For the remainder of the webinar, Ian Clemmence presented the Study’s main findings, which were later discussed by a panel of experts. Due to limited availability of time, Mr. Clemmence, focused on issues related to damages rather than interest.

The gap between the claimants’ and respondents’ valuations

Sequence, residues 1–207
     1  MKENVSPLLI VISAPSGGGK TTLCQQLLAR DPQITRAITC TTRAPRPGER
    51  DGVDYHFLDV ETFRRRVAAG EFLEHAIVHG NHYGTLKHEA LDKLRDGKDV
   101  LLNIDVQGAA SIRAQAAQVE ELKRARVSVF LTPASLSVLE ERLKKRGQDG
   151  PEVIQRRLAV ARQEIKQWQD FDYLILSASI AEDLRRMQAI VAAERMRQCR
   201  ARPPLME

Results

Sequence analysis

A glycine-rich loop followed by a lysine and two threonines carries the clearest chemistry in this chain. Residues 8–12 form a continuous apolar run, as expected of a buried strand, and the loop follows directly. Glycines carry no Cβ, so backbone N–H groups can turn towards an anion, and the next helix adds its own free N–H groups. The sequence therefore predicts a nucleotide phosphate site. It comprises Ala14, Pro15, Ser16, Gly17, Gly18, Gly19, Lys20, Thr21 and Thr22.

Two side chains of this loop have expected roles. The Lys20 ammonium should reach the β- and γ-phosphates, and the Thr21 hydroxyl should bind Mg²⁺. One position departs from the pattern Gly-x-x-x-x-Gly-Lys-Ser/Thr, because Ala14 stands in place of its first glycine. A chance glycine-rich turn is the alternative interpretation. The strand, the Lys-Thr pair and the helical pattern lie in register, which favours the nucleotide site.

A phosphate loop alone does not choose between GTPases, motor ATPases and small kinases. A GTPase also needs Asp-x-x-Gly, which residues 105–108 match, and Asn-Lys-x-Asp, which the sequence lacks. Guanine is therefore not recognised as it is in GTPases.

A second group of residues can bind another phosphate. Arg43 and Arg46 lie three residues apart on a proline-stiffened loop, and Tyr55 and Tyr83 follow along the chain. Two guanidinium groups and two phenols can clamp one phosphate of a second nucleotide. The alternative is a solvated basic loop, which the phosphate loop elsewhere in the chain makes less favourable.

Mr. Clemmence began by addressing the diverging valuations between claimants and respondents. He described that in the cases examined, respondents presented a valuation of the claimed damages on average at merely 12% of the amount for which the claimants valued its claim. This percentage is similar in previous PwC studies on investment treaty arbitration. Kathleen Paisley offered various explanations for this low percentage. First, in commercial cases, parties may have an inherent confirmation bias, where each is convinced of its positions’ validity. Second, the gap between the parties’ positions could result from the frequent practice of claimants presenting a typical set of claims, also in cases where they know that the contractual language does not support each claim. Third, the gap may also result from the fact that the disputes in the Study’s dataset ended with an arbitral award rather than a settlement by the parties. Hence, these cases may be characterized to an extent by parties whose positions were relatively far apart.